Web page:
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Journal of Applied Behavior Analysis

Nicole M Rodriguez, Megan A Levesque, Victoria L Cohrs, Jessica J Niemeier
We taught three children diagnosed with autism spectrum disorder to request help using an interrupted chain procedure during which we manipulated task materials such that the child was either incapable or capable of independently completing a link of a behavior chain. We initially observed undesirable generalization of requests for help during capable trials when teaching was introduced during incapable trials for two participants and to a lesser extent for the third participant. However, with repeated exposure to differential prompting and reinforcement across incapable and capable trials, differential responding was observed across EO-present and EO-absent trials for all three participants during both teaching sets and one generalization set that was never exposed to teaching procedures...
October 2017: Journal of Applied Behavior Analysis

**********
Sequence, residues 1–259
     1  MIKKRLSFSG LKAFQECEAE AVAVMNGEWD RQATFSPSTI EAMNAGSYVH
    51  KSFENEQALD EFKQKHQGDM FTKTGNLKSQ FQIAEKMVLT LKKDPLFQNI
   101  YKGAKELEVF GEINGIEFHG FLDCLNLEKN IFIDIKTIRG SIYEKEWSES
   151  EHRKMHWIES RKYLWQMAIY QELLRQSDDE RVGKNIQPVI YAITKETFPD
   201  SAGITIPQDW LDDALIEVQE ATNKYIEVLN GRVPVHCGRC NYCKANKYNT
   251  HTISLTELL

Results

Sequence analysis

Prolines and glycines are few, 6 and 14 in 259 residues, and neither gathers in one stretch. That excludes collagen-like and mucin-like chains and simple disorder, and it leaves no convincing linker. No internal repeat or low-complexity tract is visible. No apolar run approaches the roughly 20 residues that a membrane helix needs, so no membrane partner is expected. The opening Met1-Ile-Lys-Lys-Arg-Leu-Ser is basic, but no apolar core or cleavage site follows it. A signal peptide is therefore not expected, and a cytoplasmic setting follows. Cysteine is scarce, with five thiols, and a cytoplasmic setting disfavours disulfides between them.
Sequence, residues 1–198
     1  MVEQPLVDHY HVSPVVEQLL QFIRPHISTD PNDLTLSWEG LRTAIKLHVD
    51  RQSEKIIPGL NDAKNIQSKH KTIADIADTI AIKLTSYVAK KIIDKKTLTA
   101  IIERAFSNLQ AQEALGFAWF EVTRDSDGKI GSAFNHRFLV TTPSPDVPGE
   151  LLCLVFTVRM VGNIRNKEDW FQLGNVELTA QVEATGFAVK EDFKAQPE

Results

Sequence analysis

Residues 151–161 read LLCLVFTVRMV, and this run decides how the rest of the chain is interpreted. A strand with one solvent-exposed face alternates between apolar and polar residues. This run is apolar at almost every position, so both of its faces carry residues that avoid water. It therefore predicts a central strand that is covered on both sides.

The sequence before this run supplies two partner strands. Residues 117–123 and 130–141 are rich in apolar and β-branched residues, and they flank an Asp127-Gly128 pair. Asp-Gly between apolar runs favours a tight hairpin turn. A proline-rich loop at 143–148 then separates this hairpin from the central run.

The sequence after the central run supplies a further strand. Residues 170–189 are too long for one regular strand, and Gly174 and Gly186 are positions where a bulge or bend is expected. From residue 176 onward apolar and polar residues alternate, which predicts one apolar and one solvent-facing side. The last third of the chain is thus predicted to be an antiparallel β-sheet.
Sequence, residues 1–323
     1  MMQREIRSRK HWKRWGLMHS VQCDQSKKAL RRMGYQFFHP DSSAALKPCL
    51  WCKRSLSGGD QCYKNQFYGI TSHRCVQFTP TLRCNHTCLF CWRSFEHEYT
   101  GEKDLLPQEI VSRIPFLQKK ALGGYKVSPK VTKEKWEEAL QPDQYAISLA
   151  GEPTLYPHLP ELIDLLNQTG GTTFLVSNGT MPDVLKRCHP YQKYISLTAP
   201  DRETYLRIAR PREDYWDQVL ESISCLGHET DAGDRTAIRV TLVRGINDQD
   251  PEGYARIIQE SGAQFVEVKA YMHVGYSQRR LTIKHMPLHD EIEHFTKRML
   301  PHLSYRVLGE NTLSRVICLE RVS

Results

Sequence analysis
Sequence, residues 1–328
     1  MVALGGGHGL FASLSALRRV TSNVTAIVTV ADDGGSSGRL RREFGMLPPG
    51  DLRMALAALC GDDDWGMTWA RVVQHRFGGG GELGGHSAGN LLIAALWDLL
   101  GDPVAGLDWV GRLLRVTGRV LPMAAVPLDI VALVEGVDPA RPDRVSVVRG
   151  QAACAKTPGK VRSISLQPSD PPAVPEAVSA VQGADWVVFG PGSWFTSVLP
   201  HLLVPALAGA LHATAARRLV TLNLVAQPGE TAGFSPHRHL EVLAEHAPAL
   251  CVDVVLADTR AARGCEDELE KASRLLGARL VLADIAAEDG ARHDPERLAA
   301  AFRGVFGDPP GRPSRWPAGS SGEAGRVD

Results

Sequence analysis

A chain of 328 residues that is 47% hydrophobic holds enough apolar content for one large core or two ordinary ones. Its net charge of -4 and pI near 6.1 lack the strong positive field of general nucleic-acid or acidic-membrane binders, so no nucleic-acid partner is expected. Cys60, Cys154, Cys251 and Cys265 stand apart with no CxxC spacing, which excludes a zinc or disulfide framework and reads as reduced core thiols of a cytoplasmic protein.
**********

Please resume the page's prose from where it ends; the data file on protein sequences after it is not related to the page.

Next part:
Mark R Dixon, Mary Rachel Enoch, Jordan Belisle
Twenty-five recreational gamblers were initially asked to place bets on either red or black positions on a roulette board in a simulated casino setting. Each participant was then exposed to a stimulus pairing observing procedure which attempted to develop equivalence classes between one color (black or red) and traditionally positive words (e.g., love, happy, sex) and another color (black or red) and traditionally negative words (e.g., death, cancer, taxes), in the absence of consequence manipulations. Twenty-one of the twenty-five participants demonstrated greater response allocation to the color position on the roulette board that participated in a relational network with the positive words...
October 2017: Journal of Applied Behavior Analysis
Rafael Augusto Silva, Paula Debert
The go/no-go with compound stimuli is an alternative to matching-to-sample to produce conditional and emergent relations in adults. The aim of this study was to evaluate the effectiveness of this procedure with two children diagnosed with autism. We trained and tested participants to respond to conditional relations among arbitrary stimuli using the go/no-go procedure. Both learned all the trained conditional relations without developing response bias or responding to no-go trials. Participants demonstrated performance consistent with symmetry, but not equivalence...